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Shops seek cash to stretch out

City redevelopment program to award $100,000 in grants to Newhall businesses

Posted: December 6, 2009 10:24 p.m.
Updated: December 7, 2009 4:55 a.m.

Martha Jones, left, and Parul Desai focus on releasing stress while Henigman guides them through the stretch.

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When the owners of a yoga studio in downtown Newhall retired about a month ago, Laurie Jacobs decided it was up to her to make sure residents had a place to stretch.

"I couldn't let this place close, for the community and myself," she said. "I thought, ‘Here's my opportunity to own a business.'"

She bought the business and used part of her life savings to remodel the building, she said. Her new goal is to get more people interested in the Indian exercise.

Jacobs is one of 27 other Newhall business owners hoping to get up to $5,000 from the city's redevelopment agency to help pay for their business expenses.

It's the first time the city has offered money directly to business owners, said city spokeswoman Gail Ortiz.

Money will be awarded in January or February.

The city has $100,000 to give to Newhall businesses, meaning it could help about 20 business owners, said Santa Clarita redevelopment analyst Alex Hernandez.

City staff is currently reviewing applications to make sure they were filled out correctly, Hernandez said. A five-member selection committee will rank the applications to determine who will get money from the city, he said.

The selection committee will have one member each from the Santa Clarita Valley Chamber of Commerce, the Old Town Newhall Merchant Association, the Newhall Redevelopment Committee and two members of city staff, Hernandez said.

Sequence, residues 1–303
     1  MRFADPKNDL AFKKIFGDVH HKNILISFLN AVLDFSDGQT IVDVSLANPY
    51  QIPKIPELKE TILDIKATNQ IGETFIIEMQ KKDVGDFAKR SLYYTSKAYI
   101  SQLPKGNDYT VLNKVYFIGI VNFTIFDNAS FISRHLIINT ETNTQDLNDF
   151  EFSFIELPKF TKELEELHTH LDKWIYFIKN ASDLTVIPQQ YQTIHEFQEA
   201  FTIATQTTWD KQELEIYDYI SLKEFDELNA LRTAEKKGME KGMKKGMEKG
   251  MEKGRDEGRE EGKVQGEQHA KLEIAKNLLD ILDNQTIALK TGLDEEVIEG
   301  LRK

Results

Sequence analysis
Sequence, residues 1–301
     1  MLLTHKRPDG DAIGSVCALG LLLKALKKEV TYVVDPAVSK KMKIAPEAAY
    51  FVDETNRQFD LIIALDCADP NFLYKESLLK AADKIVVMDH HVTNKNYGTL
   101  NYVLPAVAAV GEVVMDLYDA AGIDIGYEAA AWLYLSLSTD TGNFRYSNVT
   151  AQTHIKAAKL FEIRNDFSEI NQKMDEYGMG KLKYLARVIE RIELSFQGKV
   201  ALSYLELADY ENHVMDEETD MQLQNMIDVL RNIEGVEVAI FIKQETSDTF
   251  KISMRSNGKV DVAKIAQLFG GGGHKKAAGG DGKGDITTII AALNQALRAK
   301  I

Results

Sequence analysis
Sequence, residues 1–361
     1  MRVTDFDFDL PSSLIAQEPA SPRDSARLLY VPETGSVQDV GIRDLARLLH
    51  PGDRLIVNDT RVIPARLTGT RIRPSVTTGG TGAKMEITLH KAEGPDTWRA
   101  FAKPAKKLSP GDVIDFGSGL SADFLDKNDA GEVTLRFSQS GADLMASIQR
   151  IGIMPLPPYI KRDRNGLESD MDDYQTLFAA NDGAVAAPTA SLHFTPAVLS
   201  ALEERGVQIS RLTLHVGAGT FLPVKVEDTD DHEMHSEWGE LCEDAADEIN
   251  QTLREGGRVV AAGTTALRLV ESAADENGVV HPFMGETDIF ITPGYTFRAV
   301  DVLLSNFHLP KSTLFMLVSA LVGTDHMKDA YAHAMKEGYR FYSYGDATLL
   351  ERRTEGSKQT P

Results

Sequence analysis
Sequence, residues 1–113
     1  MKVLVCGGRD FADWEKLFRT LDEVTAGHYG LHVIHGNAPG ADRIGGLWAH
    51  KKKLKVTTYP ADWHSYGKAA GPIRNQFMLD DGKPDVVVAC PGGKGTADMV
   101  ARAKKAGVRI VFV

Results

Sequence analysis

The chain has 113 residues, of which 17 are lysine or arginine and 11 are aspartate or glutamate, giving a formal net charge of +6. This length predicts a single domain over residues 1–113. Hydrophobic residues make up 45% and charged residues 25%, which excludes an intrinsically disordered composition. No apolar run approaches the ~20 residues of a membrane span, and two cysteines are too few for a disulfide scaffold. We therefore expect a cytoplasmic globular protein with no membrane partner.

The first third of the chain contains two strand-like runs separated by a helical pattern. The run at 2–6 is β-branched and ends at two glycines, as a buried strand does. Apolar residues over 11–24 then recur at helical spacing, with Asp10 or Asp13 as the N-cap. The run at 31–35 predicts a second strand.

Business owners were encouraged to go to classes hosted by the College of the Canyons Small Business Development Center.

People who participated in the business classes were awarded points which improves their chance of getting a city grant, said Steve Tannehill, the director of the business development center.

Meanwhile, Jacobs said she'd buy new outdoor signs for her yoga studio, paint the inside and get new light fixtures. But she would spend most of it to advertise the studio and get the word out about the benefits of yoga, she said.

The studio has 15 different yoga teachers and gets 10 to 30 students daily, Jacobs said.

Jacobs, who moved to the Santa Clarita Valley from West Los Angeles eight months ago, has gone to marketing and customer service classes offered through the city.

She said she was excited to hear that only 27 businesses had applied for the grants, and is hopeful about getting a share of the cash.

"I'm crossing my fingers, Jacobs said. "Who couldn't use $5,000?"


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